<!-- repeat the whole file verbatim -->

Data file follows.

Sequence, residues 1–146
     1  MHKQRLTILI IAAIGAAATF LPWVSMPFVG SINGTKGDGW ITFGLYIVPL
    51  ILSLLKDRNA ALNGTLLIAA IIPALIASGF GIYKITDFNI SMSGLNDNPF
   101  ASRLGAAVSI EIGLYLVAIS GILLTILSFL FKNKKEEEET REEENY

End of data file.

Sequence, residues 1–146
     1  MHKQRLTILI IAAIGAAATF LPWVSMPFVG SINGTKGDGW ITFGLYIVPL
    51  ILSLLKDRNA ALNGTLLIAA IIPALIASGF GIYKITDFNI SMSGLNDNPF
   101  ASRLGAAVSI EIGLYLVAIS GILLTILSFL FKNKKEEEET REEENY